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Tribal Council to acquire mill project (6/03)

By IAN ROSS A proposed birchwood fibre mill slated for Lake Huron’s North Shore will likely proceed under Aboriginal ownership.


A proposed birchwood fibre mill slated for Lake Huron’s North Shore will likely proceed under Aboriginal ownership.

Northern Ontario Business has learned, through an unidentified source, that the North Shore Tribal Council will be the new operators of Algoma Mill Works, a multi-million dollar birch plywood project

“It’s going forward,” says Graeme Lowry, the outgoing president of Algoma Mill Works. “The acquirers are serious and it’s the best thing. We did our role, we did the spadework and now someone else can do the bricks and mortar and take it from here.”

Lowry says some loose ends need to be tidied up before the transaction is finalized.

“From my perspective, it is a done deal.”

The North Shore Tribal Council is comprised of the seven First Nations on the north shore of Lake Huron. They have offices in Blind River and Cutler. Several levels of federal and provincial agencies are involved in the transaction.

Norma Diamond, North Shore Tribal Council chief executive officer, and Earl Commanda, chief of the Serpent River First Nation did not return phone calls to Northern Ontario Business prior to press time.

Last summer, Lowry was in discussions with two major North American forest products in an attempt to strike a partnership deal and secure a lead equity investor to move the proposed $105-million birch plywood project forward.

“Just at the time that we had one of the major players in the forestry industry buy all of the output, which would have made the financing more feasible,” says Lowry, “but someone else made an offer for the whole company.”

He refused to confirm the Tribal Council was the new buyer on conditions of confidentiality.

It is not known if any forestry companies in the region will continue to be involved in the project.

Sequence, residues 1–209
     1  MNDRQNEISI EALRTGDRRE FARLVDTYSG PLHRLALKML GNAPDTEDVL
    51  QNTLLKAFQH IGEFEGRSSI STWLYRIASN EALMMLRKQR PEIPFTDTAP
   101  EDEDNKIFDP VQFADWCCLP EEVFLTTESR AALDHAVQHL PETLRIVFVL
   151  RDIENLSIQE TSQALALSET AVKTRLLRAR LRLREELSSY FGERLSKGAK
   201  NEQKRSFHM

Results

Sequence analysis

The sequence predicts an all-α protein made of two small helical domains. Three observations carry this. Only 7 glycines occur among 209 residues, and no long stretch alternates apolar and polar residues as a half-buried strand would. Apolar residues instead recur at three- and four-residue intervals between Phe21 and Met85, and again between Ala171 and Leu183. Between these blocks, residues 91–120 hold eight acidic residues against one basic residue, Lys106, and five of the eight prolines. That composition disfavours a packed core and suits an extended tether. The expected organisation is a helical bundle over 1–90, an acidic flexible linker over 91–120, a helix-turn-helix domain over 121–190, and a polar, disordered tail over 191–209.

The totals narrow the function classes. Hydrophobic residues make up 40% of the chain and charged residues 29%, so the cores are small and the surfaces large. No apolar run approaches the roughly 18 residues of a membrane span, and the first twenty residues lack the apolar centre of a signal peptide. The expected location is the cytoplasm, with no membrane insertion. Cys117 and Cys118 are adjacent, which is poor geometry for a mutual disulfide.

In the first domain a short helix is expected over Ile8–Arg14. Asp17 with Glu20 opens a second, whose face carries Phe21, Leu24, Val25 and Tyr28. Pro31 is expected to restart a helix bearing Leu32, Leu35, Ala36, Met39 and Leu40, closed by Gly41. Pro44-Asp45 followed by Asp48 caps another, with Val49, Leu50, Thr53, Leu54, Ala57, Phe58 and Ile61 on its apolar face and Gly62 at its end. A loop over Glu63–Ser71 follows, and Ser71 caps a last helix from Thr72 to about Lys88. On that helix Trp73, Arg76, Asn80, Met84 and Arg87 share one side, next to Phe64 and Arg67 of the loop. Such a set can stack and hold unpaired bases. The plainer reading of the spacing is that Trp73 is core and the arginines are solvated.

“It made the most sense for the project.” says Lowry. “It was its greatest chance of success. The acquirers had the financing or at least a good chance to get it, better than we did.”

Lowry says the suitors approached him and made him an offer he could not refuse.

“Our objective from the beginning was to get this thing built on the shore for the (North) Shore, and this was the optimal way to try and make that happen,” says Lowry. Lowry would not provide details on identity of new buyer, what the terms of sale are and where the funding is coming from.

Lowry and business partner Phil Stanghetta, the company’s director of business development, will no longer be affiliated with the project in any form.

Lowry currently works for a heavy truck accessory company in Norwich, Ont., while Stanghetta is now a justice of the peace for Blind River and the surrounding North Shore communities.“Phil and I have been at it for 12 years, at one point we got paid for all of four months of those 12 years.”

No site has been chosen for the mill, but it will be located somewhere along the North Shore.

The original proposal called for harvesting low- to medium-grade trees. The mill would create nearly 300 jobs.

The wood supply granted by the Ministry of Natural Resources has been extended. In 2001, the Ministry awarded wood allocations to several wood operations in North including Algoma Mill Works.

The proponents had until March 31 to demonstrate the project was moving forward.

“The acquirers to best of my knowledge negotiated an extension that was a condition of them proceeding with the transaction,” says Lowry.